Attending – or considering attending – the 2018 NASCUS State System Summit next month at the Disney Yacht and Beach Club resort in Orlando, Fla? Reserve your hotel room TODAY, the deadline for the NASCUS room block at our resort headquarters for the conference. It’s a four-day program of mutual exchange and dialog among credit union regulators and practitioners, focusing on the issues for the state system. The Summit includes: Dynamic sessions delivered by experts in strategy, housing finance, cybersecurity and payments processing; dialogue sessions with credit union and league leaders, industry experts and state regulators from around the country; presentation of the 2018 The Pierre Jay Award (see item, below); demonstration of the NASCUSO “Next Big Idea;” and much more. Plus:  Family-friendly entertainment at the award-winning Disney Yacht and Beach Club and in the Orlando metropolitan area.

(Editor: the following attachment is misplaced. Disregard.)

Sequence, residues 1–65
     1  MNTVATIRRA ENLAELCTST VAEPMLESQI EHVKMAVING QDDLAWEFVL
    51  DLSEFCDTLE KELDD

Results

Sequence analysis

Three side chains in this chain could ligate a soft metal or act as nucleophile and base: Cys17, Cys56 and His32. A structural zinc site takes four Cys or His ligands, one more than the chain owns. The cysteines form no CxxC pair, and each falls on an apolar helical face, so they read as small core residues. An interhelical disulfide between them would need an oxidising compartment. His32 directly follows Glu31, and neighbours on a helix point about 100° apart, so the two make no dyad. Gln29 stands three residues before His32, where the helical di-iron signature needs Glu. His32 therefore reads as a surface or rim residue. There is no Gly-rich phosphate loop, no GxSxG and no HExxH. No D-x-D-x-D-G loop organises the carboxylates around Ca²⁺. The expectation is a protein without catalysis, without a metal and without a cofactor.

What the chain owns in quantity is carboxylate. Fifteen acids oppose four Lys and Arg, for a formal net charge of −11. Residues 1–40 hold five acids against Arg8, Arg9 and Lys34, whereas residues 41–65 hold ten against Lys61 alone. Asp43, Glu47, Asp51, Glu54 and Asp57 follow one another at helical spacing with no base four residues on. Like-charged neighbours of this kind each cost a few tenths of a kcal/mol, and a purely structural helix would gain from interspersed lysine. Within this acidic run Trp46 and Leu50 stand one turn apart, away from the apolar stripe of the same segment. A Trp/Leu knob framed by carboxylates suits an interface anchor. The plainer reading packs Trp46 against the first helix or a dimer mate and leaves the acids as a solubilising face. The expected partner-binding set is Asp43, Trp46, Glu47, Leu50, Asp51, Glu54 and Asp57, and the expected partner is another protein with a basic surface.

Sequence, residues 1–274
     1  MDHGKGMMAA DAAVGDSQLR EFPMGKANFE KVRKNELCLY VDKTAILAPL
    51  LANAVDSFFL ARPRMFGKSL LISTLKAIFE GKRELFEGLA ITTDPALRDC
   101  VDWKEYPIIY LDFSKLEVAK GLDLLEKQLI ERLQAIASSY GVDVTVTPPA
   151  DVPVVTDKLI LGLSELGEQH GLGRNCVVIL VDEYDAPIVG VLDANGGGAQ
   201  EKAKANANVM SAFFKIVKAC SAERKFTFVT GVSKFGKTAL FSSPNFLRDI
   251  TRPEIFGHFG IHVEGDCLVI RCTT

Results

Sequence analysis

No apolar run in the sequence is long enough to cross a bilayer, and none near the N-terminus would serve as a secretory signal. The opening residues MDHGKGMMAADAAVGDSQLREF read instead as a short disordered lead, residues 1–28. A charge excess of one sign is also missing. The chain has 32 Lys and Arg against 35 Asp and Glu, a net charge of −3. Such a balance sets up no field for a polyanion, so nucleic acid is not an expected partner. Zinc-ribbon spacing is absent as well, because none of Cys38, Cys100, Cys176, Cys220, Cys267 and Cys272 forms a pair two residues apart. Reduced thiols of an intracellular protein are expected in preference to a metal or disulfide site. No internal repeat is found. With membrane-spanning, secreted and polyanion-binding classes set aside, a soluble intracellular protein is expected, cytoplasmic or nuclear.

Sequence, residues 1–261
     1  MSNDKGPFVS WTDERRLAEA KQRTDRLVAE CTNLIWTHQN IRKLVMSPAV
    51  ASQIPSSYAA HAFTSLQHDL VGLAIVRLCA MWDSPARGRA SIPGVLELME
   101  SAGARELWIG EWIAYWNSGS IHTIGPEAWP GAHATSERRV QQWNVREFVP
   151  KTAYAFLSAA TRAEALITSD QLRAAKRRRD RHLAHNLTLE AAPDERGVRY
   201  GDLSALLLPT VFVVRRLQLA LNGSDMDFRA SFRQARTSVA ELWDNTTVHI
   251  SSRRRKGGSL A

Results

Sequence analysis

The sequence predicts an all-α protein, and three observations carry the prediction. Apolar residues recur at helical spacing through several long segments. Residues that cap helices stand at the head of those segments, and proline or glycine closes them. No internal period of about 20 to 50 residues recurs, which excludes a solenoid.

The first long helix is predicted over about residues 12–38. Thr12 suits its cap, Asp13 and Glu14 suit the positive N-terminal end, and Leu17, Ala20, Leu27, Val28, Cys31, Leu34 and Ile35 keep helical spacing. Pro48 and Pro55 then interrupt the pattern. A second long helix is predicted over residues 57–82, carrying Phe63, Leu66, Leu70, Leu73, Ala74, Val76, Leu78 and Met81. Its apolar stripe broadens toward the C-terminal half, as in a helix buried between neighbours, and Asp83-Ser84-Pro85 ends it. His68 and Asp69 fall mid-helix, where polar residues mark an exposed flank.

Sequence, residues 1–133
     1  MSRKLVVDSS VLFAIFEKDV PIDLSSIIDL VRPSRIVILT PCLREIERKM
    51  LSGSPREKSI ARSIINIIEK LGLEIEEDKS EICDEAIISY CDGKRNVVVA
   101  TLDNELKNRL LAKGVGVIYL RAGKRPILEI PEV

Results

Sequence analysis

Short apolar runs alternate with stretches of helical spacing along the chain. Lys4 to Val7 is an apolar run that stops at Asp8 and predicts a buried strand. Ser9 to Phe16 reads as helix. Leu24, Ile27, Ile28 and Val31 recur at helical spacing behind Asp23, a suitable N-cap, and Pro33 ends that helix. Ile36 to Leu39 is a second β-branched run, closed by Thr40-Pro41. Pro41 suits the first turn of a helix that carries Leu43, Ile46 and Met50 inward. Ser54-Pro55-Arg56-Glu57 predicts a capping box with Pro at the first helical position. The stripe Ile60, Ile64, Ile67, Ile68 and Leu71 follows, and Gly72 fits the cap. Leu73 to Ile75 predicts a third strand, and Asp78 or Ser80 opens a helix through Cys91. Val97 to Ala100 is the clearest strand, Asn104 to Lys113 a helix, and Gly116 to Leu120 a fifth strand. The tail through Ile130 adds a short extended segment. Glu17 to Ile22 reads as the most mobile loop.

Summit hotel registration contact information

… and Monday the due date for Pierre Jay Award nominations

Monday is the deadline for submitting nominations for the 2018 Pierre Jay Award, to be bestowed upon the recipient at the 2018 NASCUS State System Summit in Orlando, Fla. The annual award from NASCUS honors an individual, program or organization that has made significant contributions to the state credit union system. The award winner will be an individual, program or organization who or that epitomizes outstanding service, leadership and commitment to the state credit union system. Any one, program or organization making a significant contribution to the state credit union system is eligible; nominees may include credit union regulators, credit union employees or directors, credit union leagues, federal or state lawmakers, trade groups, committees, or others. (However, only NASCUS members may submit a nomination.) For the nomination form, including criteria used in judging the winner of the award, see the link below.